Thursday, March 11, 2010

Virtual reality meets classical literature

A U. Connecticut professor is using online role-playing exercises to immerse students in the bardic tradition, this courtesy of an article in the Chronicle of Higher Education. Professor Roger Travis required students to play virtual reality games one term, and to engage with each other via Google Wave more recently, as assignments for Classics & Ancient Mediterranean Studies (CAMS) 3208, a "course about the Greek historians Herodotus and Thucydides that first ran in the Fall semester of 2009."

Say what?

This blog post (on the LOTRO Reporter -- that's Lord of the Rings Online) gives a well-linked intro for those who'd like to dive in. For the rest, here's a sound-byte culled from Professor Travis's video introduction to his course: "adventure games, I realized, really did reawaken the ancient Homeric epic tradition, above all because they were participatory [...] the adventure video games allow the player to improvise his or her own course through the story in the same way that the bards, the Homeric bards, improvised their way through the stories they were telling to ancient Greek audience."

You can learn more than you might be able to digest re: Prof. Travis's practomimetic pedagogy by checking out his own blog.

I'm not optimistic about the improvised stories of university undergrads rising to levels as compelling as the tales Homer left us, but that's hardly the point. Prof. Travis is assigning exercises to predispose his students to understand an unfamiliar frame of mind, to shake loose modern sensibilities dulled by passive consumption of culture.

Travis asserts (in the CHE article): "You cannot understand Latin without understanding Roman culture. This is the best way I have ever found to actually get my students to pay attention to Roman culture."

I think this is pretty intriguing, but I have just about zero gaming experience by which to gauge Travis's claims. Any gamers out there who care to comment? Any diehard bibliophiles who want to stake a claim that technological tomfoolery can't possibly illuminate the holiest touchstones of literary culture?

P.S. Here's a propaganda break. The question of 'passive consumption of culture' gives me a great excuse to mention one of my favorite socio-political-techno discourses of all time, Four Arguments for the Elimination of Television by Jerry Mander -- highly recommended reading.


  1. I was very ready to hate this, but after reading through the blog, I'm instead inclined to think that this is the most well-thought-through use of gaming in the classroom that I've seen. Too many gaming-in-the-classroom projects don't really seem to add anything to the experience (other than the frustration of trying to navigate a bad UI, depending on the game) other than the instructor's self-congratulatory assertion that they've "engaged the students". After all, students use games, their class uses games-- that means class is more like what students do, and is therefore a better class, right?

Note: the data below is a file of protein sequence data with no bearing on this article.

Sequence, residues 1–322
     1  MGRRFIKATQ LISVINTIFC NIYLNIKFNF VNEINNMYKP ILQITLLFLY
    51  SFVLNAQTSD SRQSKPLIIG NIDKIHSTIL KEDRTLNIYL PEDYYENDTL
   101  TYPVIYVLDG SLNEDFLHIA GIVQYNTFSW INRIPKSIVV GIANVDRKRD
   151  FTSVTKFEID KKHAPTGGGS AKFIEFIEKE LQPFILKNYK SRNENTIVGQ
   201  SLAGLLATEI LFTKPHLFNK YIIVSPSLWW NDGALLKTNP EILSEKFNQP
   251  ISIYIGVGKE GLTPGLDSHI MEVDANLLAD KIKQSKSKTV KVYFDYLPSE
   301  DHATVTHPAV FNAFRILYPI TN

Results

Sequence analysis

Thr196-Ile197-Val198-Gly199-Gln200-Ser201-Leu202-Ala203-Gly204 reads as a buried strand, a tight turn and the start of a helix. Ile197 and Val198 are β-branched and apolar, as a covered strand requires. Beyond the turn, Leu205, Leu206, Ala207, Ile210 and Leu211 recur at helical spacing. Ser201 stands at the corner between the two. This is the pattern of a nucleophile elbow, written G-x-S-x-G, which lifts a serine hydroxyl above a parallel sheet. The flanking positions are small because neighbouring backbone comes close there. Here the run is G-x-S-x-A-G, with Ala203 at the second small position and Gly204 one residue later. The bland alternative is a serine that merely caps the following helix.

But it sounds like Prof. Travis has specific goals to accomplish through the use of gaming, has the skills necessary to pull it off effectively (never underestimate the importance of a good game master), and is succeeding in an area of technology-meets-education where a lot of programs have fallen short.

    I still have vivid memories of evading stormtroopers and getting into lightsaber duels in the Star Wars RPG I played as a kid-- far more vivid than any of the novels I read on similar topics at the time. There's something about the risk and uncertainty that (IMHO) makes this stuff stick with you in a different way than just reading about it. In a certain way, it's much like a more involved version of the technique used at a Titanic exhibit at the Museum of Science and Industry-- give everyone a card with a name and short profile at the beginning, make them wait until the end to see if they survived.

    In short, I'm unexpectedly impressed-- I've never been a huge fan of taking classes, but even I (today, not even just as an undergrad) would be willing to try out this one.

  2. The aim is to move beyond standard forms of interaction such as the keyboard and mouse which most people work with on a daily basis. This is seen as an unnatural way of working which forces people to adapt to the demands of the technology rather than the other way around.

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